Guide to Creating a Configure Input File
For a relatively uniform target distribution and 500-800 targets, the time required for a configuration is ~20mins on a single CPU machine. For a similar field, with 1,500 targets, or for a centrally-condensed field such as a galaxy cluster, the configure time could be 1-2hours! Configure versions 7.9 onwards are multi-threaded and so multi-CPU machines will run much faster, reducing this problem. However, the user will generally be required to perform some kind of sparse pre-sampling of the dataset in order to have the ~500-800 targets per 2 degree field to run Configure in reasonable times. Possible options for pre-sampling are described in the Guide to complex configurations.
Configure reads in ascii .fld files. An example .fld file is available to illustrate the basic format example.fld. In constructing your own .fld files the following considerations need to be made:
Science targets: No more than 800 targets and these should cover a relatively small range in target magnitude (less than 3 mags is the standard constraint, but talk to your support astronomer if you require more detail here).
Calibration sources: If required, these should be set to Priority 9 in the .fld file with the priority of all science targets shuffled to lower levels so that the calibrators are always allocated.
Sky fibre positions: You will need 20-30 sky fibres in the observation, so 50-100 possible sky positions should be enough.Eyeball the sky fibre positions to check they are actually blank regions.
Guide stars (Fiducials): These are crucial to the success of your observations so pay careful attention here.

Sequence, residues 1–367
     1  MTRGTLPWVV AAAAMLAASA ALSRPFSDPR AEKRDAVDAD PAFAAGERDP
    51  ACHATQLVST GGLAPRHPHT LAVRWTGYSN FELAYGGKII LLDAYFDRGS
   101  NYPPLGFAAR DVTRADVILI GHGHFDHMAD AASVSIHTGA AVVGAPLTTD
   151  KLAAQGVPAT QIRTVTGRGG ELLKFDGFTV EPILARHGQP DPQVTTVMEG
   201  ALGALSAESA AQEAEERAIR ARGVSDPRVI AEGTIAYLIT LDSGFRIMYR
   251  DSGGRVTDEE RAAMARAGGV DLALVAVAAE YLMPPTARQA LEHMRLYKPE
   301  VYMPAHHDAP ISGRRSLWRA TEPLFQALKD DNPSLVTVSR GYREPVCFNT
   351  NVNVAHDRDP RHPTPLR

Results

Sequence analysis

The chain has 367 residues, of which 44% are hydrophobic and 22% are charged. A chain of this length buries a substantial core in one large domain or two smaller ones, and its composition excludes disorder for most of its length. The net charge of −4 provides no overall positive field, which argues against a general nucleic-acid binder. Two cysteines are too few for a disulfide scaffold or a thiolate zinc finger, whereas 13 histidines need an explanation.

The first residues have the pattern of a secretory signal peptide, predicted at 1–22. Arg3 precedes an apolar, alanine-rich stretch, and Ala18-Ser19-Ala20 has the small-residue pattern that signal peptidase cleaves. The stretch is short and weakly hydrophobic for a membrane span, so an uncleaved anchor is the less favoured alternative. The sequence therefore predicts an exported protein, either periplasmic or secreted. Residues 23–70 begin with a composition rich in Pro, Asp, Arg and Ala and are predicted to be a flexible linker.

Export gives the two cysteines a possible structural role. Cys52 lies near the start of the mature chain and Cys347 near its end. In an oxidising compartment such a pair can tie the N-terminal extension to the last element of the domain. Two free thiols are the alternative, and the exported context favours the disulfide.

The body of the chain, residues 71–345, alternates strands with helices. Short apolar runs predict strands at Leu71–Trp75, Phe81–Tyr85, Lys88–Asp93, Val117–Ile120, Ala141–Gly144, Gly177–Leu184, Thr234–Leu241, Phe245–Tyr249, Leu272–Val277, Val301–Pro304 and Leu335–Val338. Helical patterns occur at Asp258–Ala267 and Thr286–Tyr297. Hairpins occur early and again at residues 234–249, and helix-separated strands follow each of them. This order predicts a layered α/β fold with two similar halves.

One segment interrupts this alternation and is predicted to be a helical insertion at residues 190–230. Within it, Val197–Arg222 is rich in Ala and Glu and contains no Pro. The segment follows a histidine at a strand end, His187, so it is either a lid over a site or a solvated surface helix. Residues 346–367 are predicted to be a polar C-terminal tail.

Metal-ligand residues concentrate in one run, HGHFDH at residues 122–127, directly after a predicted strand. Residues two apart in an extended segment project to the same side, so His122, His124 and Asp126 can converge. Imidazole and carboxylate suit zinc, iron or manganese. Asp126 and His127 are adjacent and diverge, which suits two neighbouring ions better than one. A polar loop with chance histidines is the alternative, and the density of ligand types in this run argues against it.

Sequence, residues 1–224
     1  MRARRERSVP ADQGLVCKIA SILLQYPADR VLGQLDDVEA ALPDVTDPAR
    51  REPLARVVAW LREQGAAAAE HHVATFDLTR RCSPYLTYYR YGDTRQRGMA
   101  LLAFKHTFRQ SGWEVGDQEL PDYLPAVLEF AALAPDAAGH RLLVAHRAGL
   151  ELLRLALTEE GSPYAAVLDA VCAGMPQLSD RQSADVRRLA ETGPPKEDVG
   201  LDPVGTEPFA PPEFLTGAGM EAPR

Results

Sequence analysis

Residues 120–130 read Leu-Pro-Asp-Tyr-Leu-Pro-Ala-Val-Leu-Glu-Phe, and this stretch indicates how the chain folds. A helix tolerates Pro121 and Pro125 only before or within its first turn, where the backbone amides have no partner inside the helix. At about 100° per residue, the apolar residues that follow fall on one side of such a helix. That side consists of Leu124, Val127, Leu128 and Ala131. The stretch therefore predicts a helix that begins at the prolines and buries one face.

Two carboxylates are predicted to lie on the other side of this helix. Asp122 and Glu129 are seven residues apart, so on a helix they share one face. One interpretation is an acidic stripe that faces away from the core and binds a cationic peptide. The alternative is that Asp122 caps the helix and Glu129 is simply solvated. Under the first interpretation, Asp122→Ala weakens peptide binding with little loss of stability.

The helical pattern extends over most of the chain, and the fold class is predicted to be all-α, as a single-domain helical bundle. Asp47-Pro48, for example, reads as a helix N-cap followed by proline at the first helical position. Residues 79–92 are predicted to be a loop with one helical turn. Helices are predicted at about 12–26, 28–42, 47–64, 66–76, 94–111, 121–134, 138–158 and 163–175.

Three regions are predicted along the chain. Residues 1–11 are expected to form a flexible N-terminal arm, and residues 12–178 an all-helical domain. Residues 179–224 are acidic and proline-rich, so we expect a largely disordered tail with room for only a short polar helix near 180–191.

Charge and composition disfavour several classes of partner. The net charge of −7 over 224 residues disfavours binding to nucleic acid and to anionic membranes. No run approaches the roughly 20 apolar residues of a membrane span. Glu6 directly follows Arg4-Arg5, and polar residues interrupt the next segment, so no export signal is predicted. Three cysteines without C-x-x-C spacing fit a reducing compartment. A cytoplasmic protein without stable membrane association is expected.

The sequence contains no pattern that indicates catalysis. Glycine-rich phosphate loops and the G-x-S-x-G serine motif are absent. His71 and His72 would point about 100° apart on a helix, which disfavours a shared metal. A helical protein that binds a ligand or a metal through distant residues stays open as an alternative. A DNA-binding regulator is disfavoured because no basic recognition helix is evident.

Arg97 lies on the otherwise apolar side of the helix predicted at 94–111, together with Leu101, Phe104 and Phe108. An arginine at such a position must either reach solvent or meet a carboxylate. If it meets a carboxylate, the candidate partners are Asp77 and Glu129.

AAOmega has 8 guide bundles available. You should aim to use at least 4-6 and preferable all 8. This will require 20-30 candidate guide stars distributed across the field plate to prevent guide star selection compromising science fibre placement.
In dark sky conditions, guide stars should be 14-14.5mag (B,V or R mags on the Vega or AB system). Up to 12th magnitude stars may be needed during bright-of-moon, (and check the location of the moon relative to your fields).
Guide stars MUST be on the same astrometric system as your targets.
Guide star spatial distribution must match that of the stars.
The range of guide star magnitudes should be small, preferably less than a 0.5 mag spread. A greater spread will cause problems due to the dynamic range of the camera used to guide.
GUIDE STAR WARNINGS:
Simply selecting some bright guide stars from SIMBAD or GSC is NOT going to work, your astrometric solution MUST be the same for the guide stars AND the targets, and good to 0.3arcsec or better. This is a requirement for AAOmega observations.
UCAC-2 and 2MASS sources have proved successful in recent years, although the USNO survey seems to be somewhat inconsistent (probably due to plate boundary effects).
SDSS is an obvious source of guide stars. However, all stars need to be eyeballed as SDSS has funny artifacts at the magnitudes required here. Marginally saturated stars, which do not suffer obvious defects on examination, have been found to still give excellent results with AAOmega (the SDSS astrometic data for these objects actually comes from smaller edge CCDs so the stars do not actually saturate in their astrometric reference frame).
Eyeball your guide stars. Reject galaxies, reject binaries, reject objects with junk magnitudes. Stars should NOT be used blindly (guide globular clusters are next to useless and stars should not have spiral arms).